A revised rule aims to eliminate that gap in representation — which critics have called the “dead zone” — by preventing a lawyer from leaving a case unless another has already taken over. On the eve of last summer’s deadline to comply, many local officials told the news outlets that they were unaware of the rule or contended they didn’t need to change their current practice.

But it’s not the Supreme Court’s role to go out and make sure judges follow these rules, a justice told legislators last fall. Although an individual defendant can petition to have their case dismissed if they have been denied a lawyer, the only way, outside of a lawsuit, to hold judges accountable for their actions is to file a complaint with a state judicial commission. The commission hasn’t publicly sanctioned any judges for denial of counsel in at least a decade.

In 2014, Mississippi’s Scott County was sued for practices similar to those in Yalobusha’s Justice Court. The county settled the suit in 2017 and, without admitting fault, agreed to hire a chief public defender and ensure that when people were arrested on a felony charge, they were provided with the paperwork to request a lawyer.

“We don’t hear from many places other than Mississippi of judges simply ignoring or deferring the question of whether the right to counsel applies,” said Lisa M. Wayne, executive director of the National Association of Criminal Defense Lawyers.

Johnson, the civil rights law professor, was among those who argued for the Supreme Court’s recent move to address the dead zone. He has argued that there’s important defense work to be done as defendants wait to be indicted, a view that puts him at odds with many judges and lawyers in Mississippi. The Supreme Court’s rule change went into effect in July; about a week later, he saw Howell deny Williams’ requests for an attorney.

“My fear is that this happens far more often than we know,” Johnson said. “I was reminded quickly that change comes hard in Mississippi.”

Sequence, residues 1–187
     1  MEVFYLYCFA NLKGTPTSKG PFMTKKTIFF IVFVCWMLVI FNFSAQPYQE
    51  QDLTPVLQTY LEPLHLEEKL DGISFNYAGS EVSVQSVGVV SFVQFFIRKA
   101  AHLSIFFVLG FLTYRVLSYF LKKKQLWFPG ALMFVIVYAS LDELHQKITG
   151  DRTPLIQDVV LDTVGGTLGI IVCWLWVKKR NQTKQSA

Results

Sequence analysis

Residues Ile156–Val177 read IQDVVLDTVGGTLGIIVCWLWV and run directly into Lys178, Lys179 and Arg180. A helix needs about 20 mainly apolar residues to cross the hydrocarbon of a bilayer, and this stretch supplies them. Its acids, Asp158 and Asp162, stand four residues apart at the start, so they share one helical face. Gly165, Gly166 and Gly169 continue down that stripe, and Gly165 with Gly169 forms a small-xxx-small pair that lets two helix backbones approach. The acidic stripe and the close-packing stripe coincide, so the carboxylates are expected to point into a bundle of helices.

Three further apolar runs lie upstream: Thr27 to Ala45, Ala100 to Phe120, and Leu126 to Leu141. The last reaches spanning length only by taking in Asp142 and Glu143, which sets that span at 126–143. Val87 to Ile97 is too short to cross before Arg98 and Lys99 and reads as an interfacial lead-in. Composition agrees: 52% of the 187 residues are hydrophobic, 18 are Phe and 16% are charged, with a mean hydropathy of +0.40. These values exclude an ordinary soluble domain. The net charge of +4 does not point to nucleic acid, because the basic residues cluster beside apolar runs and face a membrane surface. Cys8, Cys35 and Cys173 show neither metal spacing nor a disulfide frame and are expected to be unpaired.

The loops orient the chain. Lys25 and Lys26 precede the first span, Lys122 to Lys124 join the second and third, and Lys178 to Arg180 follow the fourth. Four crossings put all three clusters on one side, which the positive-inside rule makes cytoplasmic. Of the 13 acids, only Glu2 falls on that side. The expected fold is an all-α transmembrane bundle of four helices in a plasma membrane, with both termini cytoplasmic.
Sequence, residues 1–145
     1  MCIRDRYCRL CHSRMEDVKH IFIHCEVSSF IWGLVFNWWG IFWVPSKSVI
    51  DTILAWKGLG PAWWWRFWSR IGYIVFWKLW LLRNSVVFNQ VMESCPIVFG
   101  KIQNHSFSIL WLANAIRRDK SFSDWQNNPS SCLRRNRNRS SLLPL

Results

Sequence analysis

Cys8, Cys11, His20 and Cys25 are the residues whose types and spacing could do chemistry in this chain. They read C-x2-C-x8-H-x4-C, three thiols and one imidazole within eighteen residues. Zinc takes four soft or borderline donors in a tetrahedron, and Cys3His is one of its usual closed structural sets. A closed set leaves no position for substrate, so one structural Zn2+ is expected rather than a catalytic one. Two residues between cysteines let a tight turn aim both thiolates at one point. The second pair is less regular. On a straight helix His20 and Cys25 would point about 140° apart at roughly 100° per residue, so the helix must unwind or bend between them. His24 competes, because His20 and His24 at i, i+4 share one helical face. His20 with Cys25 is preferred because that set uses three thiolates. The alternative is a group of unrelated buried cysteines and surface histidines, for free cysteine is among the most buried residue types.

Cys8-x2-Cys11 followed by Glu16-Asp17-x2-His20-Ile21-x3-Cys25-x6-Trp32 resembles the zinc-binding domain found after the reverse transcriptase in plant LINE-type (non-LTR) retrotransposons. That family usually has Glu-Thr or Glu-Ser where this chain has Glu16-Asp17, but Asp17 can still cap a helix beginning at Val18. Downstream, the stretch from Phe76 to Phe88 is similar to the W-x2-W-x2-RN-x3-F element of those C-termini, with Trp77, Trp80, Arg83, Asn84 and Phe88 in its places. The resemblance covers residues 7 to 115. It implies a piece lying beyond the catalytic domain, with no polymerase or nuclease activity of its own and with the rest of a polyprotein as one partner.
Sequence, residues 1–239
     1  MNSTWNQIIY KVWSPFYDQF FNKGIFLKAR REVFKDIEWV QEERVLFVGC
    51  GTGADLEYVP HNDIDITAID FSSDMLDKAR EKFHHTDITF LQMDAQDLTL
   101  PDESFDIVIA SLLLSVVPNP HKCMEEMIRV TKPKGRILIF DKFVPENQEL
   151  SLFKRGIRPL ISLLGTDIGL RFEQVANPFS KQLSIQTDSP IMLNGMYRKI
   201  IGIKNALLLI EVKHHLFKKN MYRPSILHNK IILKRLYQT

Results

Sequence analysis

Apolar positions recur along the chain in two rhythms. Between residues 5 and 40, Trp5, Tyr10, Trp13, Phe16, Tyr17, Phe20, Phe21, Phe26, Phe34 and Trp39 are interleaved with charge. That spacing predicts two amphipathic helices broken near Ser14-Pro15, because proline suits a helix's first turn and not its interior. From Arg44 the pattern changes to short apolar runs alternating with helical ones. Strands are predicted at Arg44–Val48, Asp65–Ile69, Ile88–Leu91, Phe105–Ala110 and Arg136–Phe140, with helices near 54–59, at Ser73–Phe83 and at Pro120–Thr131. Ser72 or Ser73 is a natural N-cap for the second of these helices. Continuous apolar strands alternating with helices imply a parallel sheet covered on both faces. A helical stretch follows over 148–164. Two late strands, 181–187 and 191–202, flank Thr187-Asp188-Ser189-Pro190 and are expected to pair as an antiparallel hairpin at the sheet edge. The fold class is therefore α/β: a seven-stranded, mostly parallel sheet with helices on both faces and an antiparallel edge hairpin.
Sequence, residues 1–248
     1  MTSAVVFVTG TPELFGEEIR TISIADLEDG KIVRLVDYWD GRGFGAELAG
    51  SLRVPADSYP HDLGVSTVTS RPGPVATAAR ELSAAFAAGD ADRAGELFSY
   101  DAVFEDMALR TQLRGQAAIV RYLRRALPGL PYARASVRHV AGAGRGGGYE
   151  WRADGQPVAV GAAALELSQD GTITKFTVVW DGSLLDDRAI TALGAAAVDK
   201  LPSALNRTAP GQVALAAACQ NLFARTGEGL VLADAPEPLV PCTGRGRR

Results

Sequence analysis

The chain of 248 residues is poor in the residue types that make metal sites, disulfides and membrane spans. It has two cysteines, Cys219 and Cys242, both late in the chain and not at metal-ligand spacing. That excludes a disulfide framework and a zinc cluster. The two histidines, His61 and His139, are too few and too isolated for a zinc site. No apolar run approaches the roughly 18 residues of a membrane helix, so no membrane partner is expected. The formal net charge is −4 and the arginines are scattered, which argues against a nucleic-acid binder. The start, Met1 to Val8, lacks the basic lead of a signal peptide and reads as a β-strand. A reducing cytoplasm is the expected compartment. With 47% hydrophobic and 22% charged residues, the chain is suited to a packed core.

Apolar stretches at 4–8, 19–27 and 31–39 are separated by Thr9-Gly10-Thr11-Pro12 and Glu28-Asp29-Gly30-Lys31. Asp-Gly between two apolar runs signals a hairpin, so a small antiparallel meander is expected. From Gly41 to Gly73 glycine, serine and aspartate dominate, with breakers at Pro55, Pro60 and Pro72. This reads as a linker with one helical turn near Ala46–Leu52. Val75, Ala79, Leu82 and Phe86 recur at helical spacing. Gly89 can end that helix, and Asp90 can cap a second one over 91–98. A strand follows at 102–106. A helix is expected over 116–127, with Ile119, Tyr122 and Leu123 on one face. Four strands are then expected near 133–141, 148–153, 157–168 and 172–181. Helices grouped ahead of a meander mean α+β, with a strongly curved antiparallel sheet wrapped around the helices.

Howell, however, said he wants to go back to what he called “the old way,” to a time when the Supreme Court hadn’t spelled out so many procedural steps to follow before an indictment.

His view on the change that Johnson argued for, meant to ensure that a poor defendant always has a lawyer from arrest to trial? “Hopefully,” he said, “the Supreme Court will come down and modify that rule.”

Sometimes I get overwhelmed, but most of the time I’m just numb. … I’m tired. I’m only 22, but I feel like I’m 55.

—Kayla Williams

Williams hasn’t gotten any updates on the case involving her stepfather since she saw Howell last summer. After repeatedly calling Yalobusha County officials, she recently learned that she hadn’t been indicted by the December grand jury there. It’s unclear when, or even if, she will be. Prosecutors in Mississippi face no deadline to seek an indictment, and the grand jury in that part of Yalobusha County typically meets three times a year. By the time the most recent grand jury met this month, she was in jail on the latest charges and couldn’t call anyone to check on last summer’s case.

“Sometimes I get overwhelmed, but most of the time I’m just numb,” Williams said. ”I’m tired. I’m only 22, but I feel like I’m 55.” If she had an attorney, Williams said, “I would understand more and have more trust” in the legal process.

But after she appeared in Tupelo Municipal Court on the arson charges, she said, “I actually had a lawyer this time.” In all the months she had been speaking to the news outlets, it was the first time she felt that the court system had worked the way she thought it was supposed to. In an interview from jail, she said that the public defender had explained what would happen in court and argued for a lower bond, which was eventually set at $30,000. “He was really informative,” she said, “and made things seem a little bit better and like I wasn’t by myself.”